Historical Portraits Picture Archive

Portrait of Princess Louise-Marie Stuart (1692-1712) 

Francois de Troy (1679-1752)

Portrait of Princess Louise-Marie Stuart (1692-1712), Francois de Troy
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Oil on canvas
17th Century
30 x 24 inches, 76 x 61 cm
 
Provenance:
French private collection
This portrait shows Louise-Marie Stuart, the youngest daughter of James II and Mary of Modena. She was born in exile after her father’s flight from England following the ‘Glorious Revolution’ of 1688. Her brother, James Francis Edward (James II’s only son) later led the Jacobite cause first from France and then from Rome, but, thanks largely to his unflinching Catholicism, ultimately without success. He became known as the ‘Old Pretender’ to the Hanoverians, and ‘the King over the Water’ to his supporters. One of the former described him as bearing ‘extremely the look of an idiot, particularly when he laughs of prays. The first he does not often, the latter continually.’

Louise-Marie lived all her life in France, mostly at the Chateau of Saint-Germain-en-Laye, just outside Paris. She was named after her godfather, Louis XIV, who continued to recognise James II, and then James III, as the legitimate king of England. Before her death from smallpox at the age of nineteen (her brother also contracted the disease but survived), there were suggestions that Louise-Marie should marry Prince George, the Elector of Hanover and future George I of England, thus reuniting the two claimant lines to the throne.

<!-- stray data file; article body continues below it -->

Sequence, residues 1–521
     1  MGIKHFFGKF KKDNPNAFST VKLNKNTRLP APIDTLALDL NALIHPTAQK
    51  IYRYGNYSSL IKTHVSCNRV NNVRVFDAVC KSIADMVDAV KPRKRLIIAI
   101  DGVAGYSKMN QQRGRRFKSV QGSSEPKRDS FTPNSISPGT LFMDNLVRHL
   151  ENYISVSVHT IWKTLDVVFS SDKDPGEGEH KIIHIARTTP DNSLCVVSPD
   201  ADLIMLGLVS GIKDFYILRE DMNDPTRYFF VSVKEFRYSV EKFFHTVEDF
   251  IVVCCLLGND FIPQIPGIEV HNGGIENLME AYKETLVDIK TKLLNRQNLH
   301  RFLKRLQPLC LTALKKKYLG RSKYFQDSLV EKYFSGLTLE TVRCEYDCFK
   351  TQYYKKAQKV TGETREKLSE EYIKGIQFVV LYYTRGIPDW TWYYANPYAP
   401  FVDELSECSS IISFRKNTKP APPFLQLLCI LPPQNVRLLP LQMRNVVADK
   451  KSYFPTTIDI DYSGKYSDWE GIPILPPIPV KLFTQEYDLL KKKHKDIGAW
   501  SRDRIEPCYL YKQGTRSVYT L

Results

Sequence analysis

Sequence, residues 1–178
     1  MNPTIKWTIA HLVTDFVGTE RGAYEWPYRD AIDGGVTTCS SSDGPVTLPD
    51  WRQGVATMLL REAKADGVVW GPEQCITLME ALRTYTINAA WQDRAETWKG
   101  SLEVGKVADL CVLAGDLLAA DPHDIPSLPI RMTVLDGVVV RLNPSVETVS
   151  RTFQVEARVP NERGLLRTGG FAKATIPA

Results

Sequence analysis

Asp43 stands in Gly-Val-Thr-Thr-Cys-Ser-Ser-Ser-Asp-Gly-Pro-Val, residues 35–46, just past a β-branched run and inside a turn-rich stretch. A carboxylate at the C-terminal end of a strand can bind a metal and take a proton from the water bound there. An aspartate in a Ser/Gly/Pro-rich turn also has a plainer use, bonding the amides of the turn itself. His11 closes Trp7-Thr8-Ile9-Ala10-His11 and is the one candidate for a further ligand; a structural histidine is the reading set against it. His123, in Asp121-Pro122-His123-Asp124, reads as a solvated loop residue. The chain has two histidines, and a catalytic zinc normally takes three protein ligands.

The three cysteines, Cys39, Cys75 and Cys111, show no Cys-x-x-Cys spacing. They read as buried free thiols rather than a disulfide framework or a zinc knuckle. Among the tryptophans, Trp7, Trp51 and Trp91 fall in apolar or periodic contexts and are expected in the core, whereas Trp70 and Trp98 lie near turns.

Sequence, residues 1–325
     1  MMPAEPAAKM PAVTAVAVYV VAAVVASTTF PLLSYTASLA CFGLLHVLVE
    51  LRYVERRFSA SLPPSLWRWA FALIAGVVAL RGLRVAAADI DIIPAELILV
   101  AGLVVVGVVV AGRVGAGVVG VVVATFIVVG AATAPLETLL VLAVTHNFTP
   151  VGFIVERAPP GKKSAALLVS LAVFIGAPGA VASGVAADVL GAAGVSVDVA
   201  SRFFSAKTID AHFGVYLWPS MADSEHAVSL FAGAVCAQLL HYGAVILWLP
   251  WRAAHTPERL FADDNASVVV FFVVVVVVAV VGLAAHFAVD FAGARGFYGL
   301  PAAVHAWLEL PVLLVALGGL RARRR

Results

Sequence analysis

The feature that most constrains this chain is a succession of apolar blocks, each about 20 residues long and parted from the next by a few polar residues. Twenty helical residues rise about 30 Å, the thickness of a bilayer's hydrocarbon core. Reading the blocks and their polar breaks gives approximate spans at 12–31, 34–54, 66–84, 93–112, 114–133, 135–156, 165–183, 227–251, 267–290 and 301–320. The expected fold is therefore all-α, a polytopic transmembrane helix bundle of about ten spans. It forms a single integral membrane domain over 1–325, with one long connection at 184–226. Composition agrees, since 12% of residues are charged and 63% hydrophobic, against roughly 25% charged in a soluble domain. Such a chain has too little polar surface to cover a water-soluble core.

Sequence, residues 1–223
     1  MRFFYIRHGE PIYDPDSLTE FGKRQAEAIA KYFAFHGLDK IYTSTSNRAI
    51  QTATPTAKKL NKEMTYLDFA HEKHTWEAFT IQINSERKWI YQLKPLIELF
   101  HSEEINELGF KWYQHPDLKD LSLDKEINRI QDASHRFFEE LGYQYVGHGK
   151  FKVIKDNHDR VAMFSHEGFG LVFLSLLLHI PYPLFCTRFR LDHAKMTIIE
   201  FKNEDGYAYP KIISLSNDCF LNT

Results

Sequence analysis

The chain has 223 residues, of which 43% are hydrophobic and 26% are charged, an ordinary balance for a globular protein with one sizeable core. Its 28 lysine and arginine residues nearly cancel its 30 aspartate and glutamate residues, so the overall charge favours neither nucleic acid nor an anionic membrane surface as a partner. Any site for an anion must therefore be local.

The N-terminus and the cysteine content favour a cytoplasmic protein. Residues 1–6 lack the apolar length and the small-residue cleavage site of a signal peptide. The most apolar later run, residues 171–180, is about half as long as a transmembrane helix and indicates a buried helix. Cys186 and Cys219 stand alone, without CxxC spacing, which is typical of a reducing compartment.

This portrait appears to be the prime version of a number of half-length portraits of Louise-Marie by de Troy. A less well painted example is in the Drambuie collection, Edinburgh, and the composition is recorded in an engraving of 1701. In this portrait de Troy has begun to paint the lower right hand side of the sitter's dress before changing his mind and turning the picture into an oval.

Portraiture played a vital role in keeping the Jacobite cause alive. They were often commissioned to send to supporters or friendly courts (the Spanish also recognised James II and III as Kings of England), and by supporters keen to display their loyalty. Portraits of James II's children, such as this example, served as visual reminders of the Stuarts' health, vigour, and ultimate desire to regain the throne. In Louise-Marie's case, portraits would also have been commissioned for dispatch to the families of potential husbands. Francois De Troy was one of the leading portraitists at Versaille, and the artist of choice at the Stuart court-in-exile at Saint-Germain. Between 1698 and 1711 he produced a series of portraits of James II and his children. He also painted some of the most notable Jacobite supporters, such as Lord Drummond.
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